In the last Back-to-Basics blog, I covered Calibration versus Verification. As I continue to cover basic concepts for beginners, this blog will define measurement uncertainty and examine why it is important.
What is Measurement Uncertainty?
What measurement uncertainty is not is an error. It is imperative to understand the difference between these two terms as they are often confused. Error is the difference between the measured value and the device's actual value or artifact being measured. In many cases, we try to correct the known errors by applying corrections sometimes from the calibration certificate. These corrections can be a curve, a diagram, a table, all items found in note 2 of the calibration definition from the VIM shown below.
Uncertainty, often referred to as 'doubt,' is the quantification of 'doubt' about the measurement result. The VIM in section 2.26 defines uncertainty as non-negative parameter characterizing the dispersion of the quantity values being attributed to a measurand, based on the information used. The VIM goes into further detail with several notes about the included components of measurement uncertainty, such as those arising from systematic effect, components associated with corrections, assigned quantity values of measurement standards, etc. Measurement Uncertainty compromises many components.
OIML G 19:2017 sums the definition of uncertainty as "the concept of measurement uncertainty can be described as a measure of how well the 'true' value of the measurand is believed to be known."
The best guide to Uncertainty is JCGM 100:2008 Evaluation of measurement data — Guide to the expression of uncertainty in measurement which is free to download at https://www.bipm.org/en/publications/guides/gum.html.
In general, when you calculate measurement uncertainties following ISO "Guide to the Expression of Uncertainty in Measurement" (GUM) and ILAC P-14 as required by ISO/IEC 17025 guidelines, you will need to consider the following:
- Repeatability (Type A)
- Reference Standard Uncertainty
- Reference Standard Stability
- Environmental Factors
Morehouse has written several published documents on the topic of measurement uncertainty. We have created a spreadsheet tool to help everyone correctly calculate uncertainty for force following accreditation requirements and in line with JCGM 100:2008. That tool can be found here.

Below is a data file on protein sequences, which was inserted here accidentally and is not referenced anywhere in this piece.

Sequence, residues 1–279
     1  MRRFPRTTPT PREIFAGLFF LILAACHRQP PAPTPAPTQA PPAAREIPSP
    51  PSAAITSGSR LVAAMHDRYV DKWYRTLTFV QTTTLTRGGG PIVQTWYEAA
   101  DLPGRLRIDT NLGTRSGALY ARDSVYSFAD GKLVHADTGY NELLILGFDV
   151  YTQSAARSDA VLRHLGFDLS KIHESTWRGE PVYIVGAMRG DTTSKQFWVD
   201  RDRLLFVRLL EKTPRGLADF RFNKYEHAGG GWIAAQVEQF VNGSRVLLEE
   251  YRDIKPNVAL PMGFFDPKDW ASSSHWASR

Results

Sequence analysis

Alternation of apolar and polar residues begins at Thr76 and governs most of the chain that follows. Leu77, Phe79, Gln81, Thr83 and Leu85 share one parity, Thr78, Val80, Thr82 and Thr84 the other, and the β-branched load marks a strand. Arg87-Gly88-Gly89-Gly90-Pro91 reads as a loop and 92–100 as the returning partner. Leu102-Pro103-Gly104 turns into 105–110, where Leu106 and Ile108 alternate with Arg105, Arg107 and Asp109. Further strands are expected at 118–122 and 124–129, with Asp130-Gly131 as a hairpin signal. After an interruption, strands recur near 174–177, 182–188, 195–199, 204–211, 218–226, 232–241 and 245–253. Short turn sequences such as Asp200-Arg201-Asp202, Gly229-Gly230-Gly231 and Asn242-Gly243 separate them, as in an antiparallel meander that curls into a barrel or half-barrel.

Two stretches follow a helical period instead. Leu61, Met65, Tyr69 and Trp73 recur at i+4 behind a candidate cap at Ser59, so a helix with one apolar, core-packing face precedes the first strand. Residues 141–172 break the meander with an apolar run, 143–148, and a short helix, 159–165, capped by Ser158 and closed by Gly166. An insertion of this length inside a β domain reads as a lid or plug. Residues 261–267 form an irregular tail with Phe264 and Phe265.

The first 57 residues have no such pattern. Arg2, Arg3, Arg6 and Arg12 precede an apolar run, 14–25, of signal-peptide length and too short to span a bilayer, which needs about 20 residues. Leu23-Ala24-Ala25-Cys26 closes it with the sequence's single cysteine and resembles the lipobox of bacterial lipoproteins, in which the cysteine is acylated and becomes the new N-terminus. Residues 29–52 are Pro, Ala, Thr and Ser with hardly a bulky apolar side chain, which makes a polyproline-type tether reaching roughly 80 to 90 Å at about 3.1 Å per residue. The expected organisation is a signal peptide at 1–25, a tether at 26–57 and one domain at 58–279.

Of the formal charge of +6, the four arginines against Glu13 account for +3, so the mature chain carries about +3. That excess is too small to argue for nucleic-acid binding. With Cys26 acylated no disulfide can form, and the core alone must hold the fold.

Why is Measurement Uncertainty Important?
The uncertainty of the measurement is required to be reported on a certificate of calibrations if you are accredited to ISO/IEC 17025:2017, as well as several other standards, it is important if your customer may want you to make a statement of conformance on whether the device or artifact is in tolerance or not. It may need to be considered if you do a test and want to know if the device passes or fails. Measurement Uncertainty is required for establishing your measurement traceability, which is defined in the Vim as property of a measurement result whereby the result can be related to a reference through a documented unbroken chain of calibrations, each contributing to the measurement uncertainty.
In simplistic terms, the measurement uncertainty is crucial because you want to know that the laboratory performing the calibration of your device or artifact can perform the calibration. If you need a device to be known to within less than 0.02 %, you must use a calibration provider that gives you the best chance of achieving that result. If the calibration provider has a stated measurement uncertainty of 0.04 %, mathematically, they are not the right calibration lab to calibrate or verify your device or artifact. Measurement uncertainty also keeps us honest. If a laboratory is claiming traceability to SI through NIST, the larger the uncertainty becomes, the further away from NIST. The above picture shows this concept as the further away from SI units, the larger the uncertainty becomes.
Your Measurement Uncertainty is directly affected by the standards used to perform the calibration. Morehouse offers the lowest uncertainties for a commercial calibration laboratory. We work with customers to help lower their measurement risk. We have been successful in helping our customers make better measurements for over a century.
In our next Back-to-Basics blog, I will cover types of load cells.
- Force Calibration and its Importance
- How a Transducer Measures Force
- Compression and Tension Force Calibration
- Calibration versus Verification
- Measurement Uncertainty
- Load Cell Terminology
- Types of Load Cells
- Load Cell Troubleshooting
- Load Cell Indicator Basics
- Force Measurement Glossary of Terms
I take great pride in our knowledgeable team at Morehouse, who will work with you to find the right solution. We have been in business for over a century and focus on being the most recognized name in the force business. That vision comes from educating our customers on what matters most, having the right discussions relating to force calibration basics so that everyone speaks the same language.
Everything we do, we believe in changing how people think about force and torque calibration. We challenge the “just calibrate it” mentality by educating our customers on what matters, what causes significant errors, and focus on reducing them. Morehouse makes simple to use calibration products. We build fantastic force equipment that is plumb, level, square, rigid and provide unparalleled calibration service with less than two-week lead times.
Contact us at 717-843-0081 to speak to a live person or email email@example.com for more information.